Ban encrypted messages? Why UK prime minister's plan won't work
Government folks have a few ideas to share with you about cyber security.
I'm Bridget Carey, and this is your CNET update.
As hacking attacks increase, governments are getting more involved in cyber security, and it's not always a good thing.
On Monday, the UK prime minister David Cameron said if he's reelected,.
He'll work to ban encrypted messaging apps, like WhatsApp, Snapchat, maybe even Apple's iMessage service.
His view is that the government needs to be able to tap into chatting services through a back door to monitor possible terrorist communications.
And the government can't do that when apps use secure encryption.
Well that's not gonna fly with tech companies that are beefing up security.
You can't create a backdoor that only lets the good guys in.
If there's a hole, it's gonna be exploited by hackers.
And with hacking attacks on the rise, we need enhanced encryption now more than ever.
President Barack Obama's administration has its own cyber security proposals.
Among them, the administration wants private companies to be open with the government about cyber threats.
If more companies work with federal agencies, then the hope is that it's easier to fight hackers as a team.
But there are questions regarding privacy.
Such as, how much data will companies share with the government to stop cyber crime?
Everyone wants more information to have a stronger defense against attacks, but what private consumer data needs to be given up to do that?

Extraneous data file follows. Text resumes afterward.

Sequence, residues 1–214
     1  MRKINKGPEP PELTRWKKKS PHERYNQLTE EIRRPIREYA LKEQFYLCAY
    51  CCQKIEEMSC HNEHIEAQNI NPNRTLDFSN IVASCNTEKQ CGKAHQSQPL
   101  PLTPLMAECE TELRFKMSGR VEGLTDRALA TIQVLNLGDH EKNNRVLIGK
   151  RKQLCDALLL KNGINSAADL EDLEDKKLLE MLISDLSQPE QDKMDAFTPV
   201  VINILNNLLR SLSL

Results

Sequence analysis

Moving on to other news,.
Facebook is teaming up with the National Center for Missing and Exploited Children to put Amber alerts in your News Feed when a child in your area has gone missing.
You'll see a photo of the missing child their name and description as well as a license plate number and the details on the suspected abductor.
Looking ahead this year we're gonna start to see some notable advancements in real time speech translation for different languages.
Google is following Skype.
And is said to be working on an update to its Translate app.
It's gonna be able to automatically recognize a spoken language and then translate it into text on your screen in your language.
That's according to a report from the New York Times.
It goes beyond saying a phrase into your phone and then hearing it read back to you in English.
Last week at CES, we saw dozens of drones that can fly, but here is one that prefers the sand.
A team of engineers working with Disney Research in Switzerland.
Created the beach bot.
It's designed with a turtle body.
The beach bot creates large drawings in the sand with a rake dragging behind to create art.
The robot knows where it is in the sand by scanning poles in the corners of the designated drawing area.
It's similar to how some robot vacuums know where to clean in your home.
That's your tech news update, and you can find more details on all of these stories at cnet.com.
From our studios in New York, I'm Bridget Carey.